Once again our liturgy invites us to pray Psalm 34: “Taste and see the goodness of the Lord.”

Within the context of this repeated refrain, the psalmist says even more specifically: “I sought the Lord, and he answered me and delivered me from all my fears.”

In a beautiful liturgical song by Marty Haughen this truth is expressed thus: “Shepherd me O God beyond by wants, beyond my fears, from death into life.”

Put this way, we profess a faith in our God who leads and guides us all through life and even through death. Every fear, every want, every need, every doubt – in these he wishes to be present, leading and loving us.

Some, however, lament that they cried out to God and he obviously didn’t hear their prayers. The healing they sought never came. The job they needed never materialized. The solving of their problem went unresolved.

Why? How come? What did I do to deserve or not to deserve this?

In the short run, things don’t always work out as we want them to. But aren’t we in this for the long haul? Our race isn’t 100 meters; it is the marathon!

We seek what we seek and often find something else. Often, we find something more. We begin with one dream and often discover several others along the way that are so much more than we could have ever hoped for.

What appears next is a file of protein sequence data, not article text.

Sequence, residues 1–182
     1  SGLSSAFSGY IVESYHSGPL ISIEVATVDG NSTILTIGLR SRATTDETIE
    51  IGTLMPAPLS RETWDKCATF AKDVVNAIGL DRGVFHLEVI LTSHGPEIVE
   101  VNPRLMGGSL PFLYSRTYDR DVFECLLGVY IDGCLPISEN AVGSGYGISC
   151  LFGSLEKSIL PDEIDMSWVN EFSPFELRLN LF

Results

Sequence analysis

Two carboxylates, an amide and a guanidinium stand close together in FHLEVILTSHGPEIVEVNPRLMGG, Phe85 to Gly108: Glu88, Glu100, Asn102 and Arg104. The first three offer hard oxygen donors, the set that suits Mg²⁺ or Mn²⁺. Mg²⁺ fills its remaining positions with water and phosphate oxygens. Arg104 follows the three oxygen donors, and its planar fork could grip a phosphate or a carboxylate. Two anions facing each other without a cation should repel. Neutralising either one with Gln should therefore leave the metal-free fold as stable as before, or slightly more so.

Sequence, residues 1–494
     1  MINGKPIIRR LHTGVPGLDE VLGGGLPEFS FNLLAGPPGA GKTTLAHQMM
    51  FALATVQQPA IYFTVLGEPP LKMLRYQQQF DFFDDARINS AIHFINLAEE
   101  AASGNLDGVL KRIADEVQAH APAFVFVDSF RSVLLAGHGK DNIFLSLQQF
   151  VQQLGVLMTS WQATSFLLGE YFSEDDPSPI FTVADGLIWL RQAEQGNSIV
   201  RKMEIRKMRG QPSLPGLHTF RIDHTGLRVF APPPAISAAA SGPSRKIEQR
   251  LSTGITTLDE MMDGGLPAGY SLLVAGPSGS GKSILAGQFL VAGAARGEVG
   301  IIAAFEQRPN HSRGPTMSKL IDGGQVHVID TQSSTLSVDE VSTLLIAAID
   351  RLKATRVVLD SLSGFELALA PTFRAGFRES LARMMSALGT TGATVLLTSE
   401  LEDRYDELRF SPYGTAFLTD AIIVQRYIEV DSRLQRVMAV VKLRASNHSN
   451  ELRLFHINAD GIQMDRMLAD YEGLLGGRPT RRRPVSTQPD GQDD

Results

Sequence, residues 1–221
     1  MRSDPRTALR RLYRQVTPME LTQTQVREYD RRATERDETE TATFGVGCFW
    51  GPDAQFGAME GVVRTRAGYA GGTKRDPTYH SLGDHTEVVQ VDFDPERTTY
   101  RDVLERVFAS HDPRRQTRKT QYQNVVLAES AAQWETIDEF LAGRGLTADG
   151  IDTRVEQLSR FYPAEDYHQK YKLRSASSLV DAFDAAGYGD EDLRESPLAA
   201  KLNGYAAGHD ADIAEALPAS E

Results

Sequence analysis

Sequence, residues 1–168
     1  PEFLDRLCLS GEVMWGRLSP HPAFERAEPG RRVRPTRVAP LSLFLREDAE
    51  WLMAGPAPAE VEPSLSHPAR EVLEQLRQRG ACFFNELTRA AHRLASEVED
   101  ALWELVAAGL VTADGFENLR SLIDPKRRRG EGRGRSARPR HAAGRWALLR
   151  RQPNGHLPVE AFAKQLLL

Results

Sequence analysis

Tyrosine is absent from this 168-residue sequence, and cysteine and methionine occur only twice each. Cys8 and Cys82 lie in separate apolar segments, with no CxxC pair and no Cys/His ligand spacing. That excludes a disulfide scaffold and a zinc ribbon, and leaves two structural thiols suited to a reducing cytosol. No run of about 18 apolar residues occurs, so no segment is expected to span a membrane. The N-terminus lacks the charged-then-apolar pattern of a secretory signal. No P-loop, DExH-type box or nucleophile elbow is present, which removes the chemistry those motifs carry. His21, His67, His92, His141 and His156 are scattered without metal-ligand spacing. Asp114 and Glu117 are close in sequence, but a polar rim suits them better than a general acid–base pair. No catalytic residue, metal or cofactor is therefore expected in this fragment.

If we don’t let go of Plan A, we can’t be ready for or even notice Plan B. The point is, God does indeed stay with us, shepherding and guiding us along the way. He never leaves our side. He sees us through to the end; “beyond my wants, beyond my fears, from death into life.”

Father Perry D. Leiker is pastor of St. Bernard Church. Reach him at (323) 255-6142, Ext. 112, or email

Sunday, August 9, 2015

Looking Ahead

Father Perry D. Leiker, pastor
By Father Perry D. Leiker, pastor

One of our very beautiful psalm responses with unusually beautiful musical renderings is today’s response which reads: “Taste and see the goodness of the Lord.”

It is either an unusual mix of metaphors or an admission that the goodness of the Lord is so great that neither tasting nor seeing is enough – only both will do. It also calls forth a very Eucharistic image, since we do indeed eat (taste) and see (the host) when we receive.

In fact, the minister holds the host before our eyes saying, "Body of Christ" to which we respond, "Amen" – then we eat!
Elijah, on his long and tiring journey, was at the point of starvation and was ready to "give up his spirit" – that is, ready to die. God, however, in his goodness, gave the food he needed for his journey and Elijah clearly experienced the goodness of the Lord – "taste and see"!